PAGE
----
The cranberries take on some of the texture and flavors of the honey the Pickles quality to the cranberries really step up your side dishes
- 1 cup of fresh cranberries
- 1 cup of raw honey
- juice and zest of one orange
- 5 thin slices of fresh ginger
- Pick through your cranberries, discarding any that are significantly bruised or moldy.
- With a fork or skewer, poke through all the cranberries (through the skin), so the honey can get in. Then, add berries to a glass container.
- Cover the berries with raw, unfiltered honey. Make sure the cranberries are completely covered in honey. Leave at least a quarter inch of headspace from the top of the jar.
- As it goes through the fermentation process, there will be a buildup of gases that need to be released. Headspace allows for gasses to build up during the fermentation process.
- Add the screw top lid, and put it in a cool dark place at room temperature, away from sunlight for two to three days.
- Turn the jar over at least once a day so that the honey at the bottom is circulated and that all fruit and honey. This could take two to three days or up to a week.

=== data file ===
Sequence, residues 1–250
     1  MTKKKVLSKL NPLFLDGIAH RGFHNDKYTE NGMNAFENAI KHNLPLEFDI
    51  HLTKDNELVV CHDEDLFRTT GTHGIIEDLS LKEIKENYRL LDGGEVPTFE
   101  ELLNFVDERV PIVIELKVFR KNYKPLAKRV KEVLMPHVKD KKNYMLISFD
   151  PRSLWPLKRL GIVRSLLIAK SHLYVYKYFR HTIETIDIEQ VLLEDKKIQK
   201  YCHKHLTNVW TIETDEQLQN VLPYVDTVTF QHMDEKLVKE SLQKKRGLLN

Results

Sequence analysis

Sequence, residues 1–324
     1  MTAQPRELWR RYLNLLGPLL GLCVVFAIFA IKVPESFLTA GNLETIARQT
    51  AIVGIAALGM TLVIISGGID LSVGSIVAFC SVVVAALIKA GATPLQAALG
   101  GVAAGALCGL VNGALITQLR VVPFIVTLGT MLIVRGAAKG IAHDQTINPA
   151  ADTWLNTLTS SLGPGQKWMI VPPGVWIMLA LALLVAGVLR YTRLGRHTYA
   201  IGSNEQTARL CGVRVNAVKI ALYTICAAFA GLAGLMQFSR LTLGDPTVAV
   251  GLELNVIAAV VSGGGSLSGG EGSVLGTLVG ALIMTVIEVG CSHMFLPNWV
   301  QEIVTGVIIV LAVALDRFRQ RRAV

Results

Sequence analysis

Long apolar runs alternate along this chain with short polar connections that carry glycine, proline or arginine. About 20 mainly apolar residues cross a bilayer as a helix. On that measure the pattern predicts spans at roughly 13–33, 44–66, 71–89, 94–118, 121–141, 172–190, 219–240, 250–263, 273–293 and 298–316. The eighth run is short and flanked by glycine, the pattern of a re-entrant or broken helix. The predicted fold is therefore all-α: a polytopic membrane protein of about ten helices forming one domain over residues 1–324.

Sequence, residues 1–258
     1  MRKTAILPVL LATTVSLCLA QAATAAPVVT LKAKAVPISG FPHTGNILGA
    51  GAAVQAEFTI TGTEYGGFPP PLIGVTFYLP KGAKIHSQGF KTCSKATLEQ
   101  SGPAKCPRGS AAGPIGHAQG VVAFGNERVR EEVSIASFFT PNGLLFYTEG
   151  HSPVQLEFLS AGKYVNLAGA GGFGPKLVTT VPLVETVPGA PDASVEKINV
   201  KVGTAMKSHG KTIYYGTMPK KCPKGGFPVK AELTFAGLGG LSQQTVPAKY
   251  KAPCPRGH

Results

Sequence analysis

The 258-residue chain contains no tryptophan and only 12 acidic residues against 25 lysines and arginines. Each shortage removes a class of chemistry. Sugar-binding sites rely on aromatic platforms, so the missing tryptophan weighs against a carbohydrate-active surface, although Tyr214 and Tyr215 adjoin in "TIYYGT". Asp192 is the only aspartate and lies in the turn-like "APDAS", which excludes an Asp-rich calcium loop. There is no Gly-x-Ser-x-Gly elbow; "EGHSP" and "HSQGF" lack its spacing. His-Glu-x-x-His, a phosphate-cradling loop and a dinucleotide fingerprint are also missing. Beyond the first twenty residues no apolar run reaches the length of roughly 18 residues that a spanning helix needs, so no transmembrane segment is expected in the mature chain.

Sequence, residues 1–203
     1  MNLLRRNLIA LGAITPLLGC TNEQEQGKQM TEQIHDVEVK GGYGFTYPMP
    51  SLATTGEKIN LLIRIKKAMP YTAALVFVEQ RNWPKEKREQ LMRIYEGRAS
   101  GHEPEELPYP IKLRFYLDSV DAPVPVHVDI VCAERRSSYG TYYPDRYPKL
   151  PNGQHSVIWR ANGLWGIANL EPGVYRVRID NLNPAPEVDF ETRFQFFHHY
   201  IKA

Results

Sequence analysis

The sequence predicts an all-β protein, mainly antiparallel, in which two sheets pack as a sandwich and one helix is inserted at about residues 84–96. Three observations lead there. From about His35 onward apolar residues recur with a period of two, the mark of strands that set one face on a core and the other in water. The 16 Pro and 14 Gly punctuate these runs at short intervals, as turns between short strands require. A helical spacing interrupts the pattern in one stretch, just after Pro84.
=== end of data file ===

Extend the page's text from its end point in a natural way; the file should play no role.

Make sure to check on it every day or every couple of days. For any excess gases, as well as if the honey adds a texture and taste that you like.
Step your nightly tea honey regimen or charcuterie board.
- fermented cranberry sauce recipe
- Top your goat cheese on a grazing board with some cranberry relish
- add some to your vanilla or candy cane ice cream
Nutrition Information:Yield: 20 Serving Size: 1
Amount Per Serving: Calories: 74Total Fat: 0gSaturated Fat: 0gTrans Fat: 0gUnsaturated Fat: 0gCholesterol: 0mgSodium: 10mgCarbohydrates: 19gFiber: 1gSugar: 16gProtein: 0g
Karen L. Hilliard says
I just tried your fermented cranberries and garlic in honey. I have to say those are both keepers. I happen to have fresh rosemary in a raised bed that came with a house I bought last spring. So I'm going to try infusing that in the honey as well and using it for tea.
Thank you so much for the recipes and I'll keep checking in.
I wanted to ask, do you happen to have a roasted chicken recipe that uses the honey garlic?
Stephanie Gravalese says
Hi Karen, Oh I love the idea of using fresh rosemary! I don't have a roasted chicken recipe that uses the honey garlic, but I think it's time to add one to the recipe queue. Thanks for stopping by!